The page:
A small subpopulation of quiescent hematopoietic stem cells (HSCs) that restores the HSC pool and supports hematopoietic regeneration after chemotherapy has been identified, researchers reported.
These “reserve” HSCs were resistant to chemotherapy, whereas “primed” HSCs were sensitive to DNA damage from chemotherapy, the researchers said.
Both reserve and active stem cells were maintained in the bone marrow by specific niches, researchers demonstrated in experiments described in detail in.
Of note, primitive reserve HSCs were maintained in a bone marrow region that enriches N-cadherin expressing (N-cad+) bone and marrow stromal progenitor cells. According to investigators, those N-cad+ cells protected primitive reserve HSCs from chemotherapy-related stress, which survived to support hematopoietic regeneration after myeloablation.
These findings advance understanding of HSC biology, and could open new avenues for treating blood diseases and autoimmune disorders.
“In effect, we showed that hematopoietic stem cells have functionally distinct subpopulations: one that acts under normal conditions, and the other that acts under times of stress,” study senior author, a researcher at Stowers Institute for Medical Research in Kansas City, Mo., said in a statement.
Hematopoietic stem cells are heterogeneous, with some maintained in an active state, and others in a quiescent state that is related to their self-renewal capacity and linked to low metabolic activity, sometimes called HSC dormancy or hibernation, Dr. Li and his coinvestigators explained in their report.
However, despite their quiescence, the majority of those HSCs will not survive chemotherapeutic stress, they added.
A small subpopulation of cells termed reserve HSCs can survive stress related to 5-fluorouracil chemotherapy in mice and following transplantation, Dr. Li and his colleagues demonstrated in experiments described in the paper. By contrast, a much larger population of quiescent cells, primed HSCs, were chemotherapy sensitive.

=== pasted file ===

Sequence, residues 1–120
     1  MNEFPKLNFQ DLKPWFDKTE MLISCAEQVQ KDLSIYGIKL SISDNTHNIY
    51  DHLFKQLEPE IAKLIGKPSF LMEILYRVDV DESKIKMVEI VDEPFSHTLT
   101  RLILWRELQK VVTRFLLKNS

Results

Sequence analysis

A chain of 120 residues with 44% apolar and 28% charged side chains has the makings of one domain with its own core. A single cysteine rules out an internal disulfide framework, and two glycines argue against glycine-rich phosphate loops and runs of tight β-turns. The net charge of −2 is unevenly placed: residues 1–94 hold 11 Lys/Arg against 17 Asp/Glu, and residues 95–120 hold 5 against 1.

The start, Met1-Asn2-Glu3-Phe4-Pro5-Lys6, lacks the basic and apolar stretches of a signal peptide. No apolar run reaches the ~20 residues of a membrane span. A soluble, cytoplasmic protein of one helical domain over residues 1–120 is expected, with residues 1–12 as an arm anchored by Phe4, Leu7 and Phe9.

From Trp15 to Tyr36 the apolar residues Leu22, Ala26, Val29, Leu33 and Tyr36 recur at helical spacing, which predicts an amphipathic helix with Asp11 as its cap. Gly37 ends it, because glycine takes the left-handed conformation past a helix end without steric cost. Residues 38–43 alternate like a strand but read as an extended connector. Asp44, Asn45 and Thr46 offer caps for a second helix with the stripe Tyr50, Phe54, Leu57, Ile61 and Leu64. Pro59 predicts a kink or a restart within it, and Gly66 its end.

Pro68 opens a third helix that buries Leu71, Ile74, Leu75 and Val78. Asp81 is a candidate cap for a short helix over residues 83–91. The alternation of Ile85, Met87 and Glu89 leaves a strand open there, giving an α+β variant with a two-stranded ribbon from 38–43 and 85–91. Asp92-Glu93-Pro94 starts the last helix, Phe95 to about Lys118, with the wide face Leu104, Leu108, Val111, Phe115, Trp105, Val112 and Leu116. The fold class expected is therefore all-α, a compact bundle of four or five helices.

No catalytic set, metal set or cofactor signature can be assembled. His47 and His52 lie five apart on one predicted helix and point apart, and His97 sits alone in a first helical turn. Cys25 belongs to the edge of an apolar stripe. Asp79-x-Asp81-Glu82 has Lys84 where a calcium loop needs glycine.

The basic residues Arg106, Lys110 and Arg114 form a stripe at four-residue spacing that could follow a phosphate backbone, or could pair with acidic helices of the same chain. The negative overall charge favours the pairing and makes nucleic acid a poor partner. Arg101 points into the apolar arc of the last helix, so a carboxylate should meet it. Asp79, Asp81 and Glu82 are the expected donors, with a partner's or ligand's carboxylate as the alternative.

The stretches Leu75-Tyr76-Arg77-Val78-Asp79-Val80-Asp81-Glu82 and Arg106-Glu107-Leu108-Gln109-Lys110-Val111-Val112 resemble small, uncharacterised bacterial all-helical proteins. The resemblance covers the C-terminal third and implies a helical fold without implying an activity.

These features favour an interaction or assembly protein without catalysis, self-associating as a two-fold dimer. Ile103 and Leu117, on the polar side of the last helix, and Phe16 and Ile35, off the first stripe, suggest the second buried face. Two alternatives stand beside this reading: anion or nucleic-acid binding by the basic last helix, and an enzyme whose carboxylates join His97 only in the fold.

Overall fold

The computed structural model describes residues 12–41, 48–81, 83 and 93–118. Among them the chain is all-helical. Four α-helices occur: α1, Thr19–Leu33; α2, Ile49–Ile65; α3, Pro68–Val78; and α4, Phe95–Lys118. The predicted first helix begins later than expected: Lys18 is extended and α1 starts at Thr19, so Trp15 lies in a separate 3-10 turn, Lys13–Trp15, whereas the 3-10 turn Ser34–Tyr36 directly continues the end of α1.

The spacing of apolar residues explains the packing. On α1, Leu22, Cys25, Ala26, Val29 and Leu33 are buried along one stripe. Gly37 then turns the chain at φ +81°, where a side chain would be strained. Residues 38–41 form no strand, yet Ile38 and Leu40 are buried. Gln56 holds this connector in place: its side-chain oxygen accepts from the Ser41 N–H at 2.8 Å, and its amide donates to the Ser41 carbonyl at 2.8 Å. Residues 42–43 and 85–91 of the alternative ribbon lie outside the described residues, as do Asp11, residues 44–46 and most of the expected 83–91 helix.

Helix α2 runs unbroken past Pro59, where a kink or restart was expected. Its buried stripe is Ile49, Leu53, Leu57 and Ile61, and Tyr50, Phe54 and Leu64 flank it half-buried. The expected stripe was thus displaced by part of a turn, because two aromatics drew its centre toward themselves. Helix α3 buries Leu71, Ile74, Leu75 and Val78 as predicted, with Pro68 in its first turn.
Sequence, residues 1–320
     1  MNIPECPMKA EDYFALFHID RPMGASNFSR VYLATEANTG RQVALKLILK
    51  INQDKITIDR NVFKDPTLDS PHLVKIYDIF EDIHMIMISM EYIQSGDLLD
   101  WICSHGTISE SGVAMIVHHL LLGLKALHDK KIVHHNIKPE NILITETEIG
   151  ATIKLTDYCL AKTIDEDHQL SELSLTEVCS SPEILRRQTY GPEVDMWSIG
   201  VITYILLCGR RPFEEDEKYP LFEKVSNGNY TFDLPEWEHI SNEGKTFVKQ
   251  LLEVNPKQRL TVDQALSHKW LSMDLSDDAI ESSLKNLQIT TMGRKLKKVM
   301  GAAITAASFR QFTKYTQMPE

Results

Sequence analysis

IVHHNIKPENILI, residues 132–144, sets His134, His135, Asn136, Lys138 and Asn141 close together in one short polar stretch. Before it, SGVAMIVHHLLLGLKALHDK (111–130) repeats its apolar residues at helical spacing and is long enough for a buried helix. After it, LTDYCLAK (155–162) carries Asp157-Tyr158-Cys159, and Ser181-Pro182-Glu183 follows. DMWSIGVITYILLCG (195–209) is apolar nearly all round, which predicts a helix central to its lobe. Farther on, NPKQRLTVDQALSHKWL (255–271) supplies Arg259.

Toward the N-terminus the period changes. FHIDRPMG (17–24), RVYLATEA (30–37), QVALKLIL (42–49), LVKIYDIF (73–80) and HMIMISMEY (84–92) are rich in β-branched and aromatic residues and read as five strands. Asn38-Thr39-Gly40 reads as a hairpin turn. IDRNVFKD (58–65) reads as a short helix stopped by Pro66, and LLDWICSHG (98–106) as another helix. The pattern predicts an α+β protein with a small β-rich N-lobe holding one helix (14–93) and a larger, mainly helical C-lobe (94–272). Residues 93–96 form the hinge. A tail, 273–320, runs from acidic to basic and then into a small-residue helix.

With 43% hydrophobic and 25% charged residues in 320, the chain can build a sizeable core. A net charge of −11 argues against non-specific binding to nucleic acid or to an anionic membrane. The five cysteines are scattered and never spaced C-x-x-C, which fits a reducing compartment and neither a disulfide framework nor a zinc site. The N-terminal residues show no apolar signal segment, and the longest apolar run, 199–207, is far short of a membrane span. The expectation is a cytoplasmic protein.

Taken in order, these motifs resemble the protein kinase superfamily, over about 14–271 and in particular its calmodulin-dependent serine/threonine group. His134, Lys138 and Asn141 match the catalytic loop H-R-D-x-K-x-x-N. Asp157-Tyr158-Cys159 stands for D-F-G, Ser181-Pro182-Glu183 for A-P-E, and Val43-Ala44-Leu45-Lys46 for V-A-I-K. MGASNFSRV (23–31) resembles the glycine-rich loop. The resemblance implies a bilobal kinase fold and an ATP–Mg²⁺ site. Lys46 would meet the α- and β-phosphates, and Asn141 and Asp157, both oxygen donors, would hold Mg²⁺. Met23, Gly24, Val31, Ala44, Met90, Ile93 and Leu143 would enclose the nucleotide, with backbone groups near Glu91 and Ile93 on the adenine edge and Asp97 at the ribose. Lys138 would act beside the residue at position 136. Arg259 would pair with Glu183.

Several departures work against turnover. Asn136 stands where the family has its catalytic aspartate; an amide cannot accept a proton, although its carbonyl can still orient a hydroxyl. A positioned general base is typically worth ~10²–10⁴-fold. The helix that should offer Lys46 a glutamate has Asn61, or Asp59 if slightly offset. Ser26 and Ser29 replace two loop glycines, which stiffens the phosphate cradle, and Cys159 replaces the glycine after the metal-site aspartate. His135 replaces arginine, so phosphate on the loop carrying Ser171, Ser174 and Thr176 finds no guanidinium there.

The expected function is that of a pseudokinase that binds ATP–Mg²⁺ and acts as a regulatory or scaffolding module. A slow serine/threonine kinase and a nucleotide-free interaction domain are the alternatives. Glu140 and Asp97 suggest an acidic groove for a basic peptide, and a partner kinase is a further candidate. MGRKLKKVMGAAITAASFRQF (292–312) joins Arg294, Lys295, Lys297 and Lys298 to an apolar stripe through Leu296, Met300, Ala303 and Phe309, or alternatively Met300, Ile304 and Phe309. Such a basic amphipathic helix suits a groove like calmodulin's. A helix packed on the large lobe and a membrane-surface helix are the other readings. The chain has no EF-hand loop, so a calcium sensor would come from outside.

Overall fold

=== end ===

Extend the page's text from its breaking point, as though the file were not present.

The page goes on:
“Most likely, primed HSCs reflect a transitional state between [reserve HSCs] and proliferating [short-term HSCs],” Dr. Li and his colleagues said in their report.
In one key experiment, Dr. Li and his coinvestigators used a cell surface marker to isolate reserve HSCs and primed HSCs, which were transplanted into mice. Following engraftment, the mice were treated with 5-fluorouracil. They found that reserve HSCs, reflected by their derived blood cells, were unaffected by treatment, whereas derivatives of primed HSCs declined.
In another experiment, the researchers labeled HSCs with fluorescent tags to identify their location in the bone marrow. They found reserve cells concentrated in a specific bone marrow niche adjacent to N-cad+ cells.
The N-cad+ cells were bone and marrow stromal progenitor cells (BMSPCs), giving rise to osteoblasts, adipocytes, and chondrocytes, according to investigators.
Ablating the N-cad+ niche cells impaired reserve HSC maintenance in both homeostasis and regeneration, investigators added.
The work was supported by the Stowers Institute for Medical Research, the National Cancer Institute, and other grant support. The researchers reported that they had no competing interests related to the study.
SOURCE: Zhao M et al. .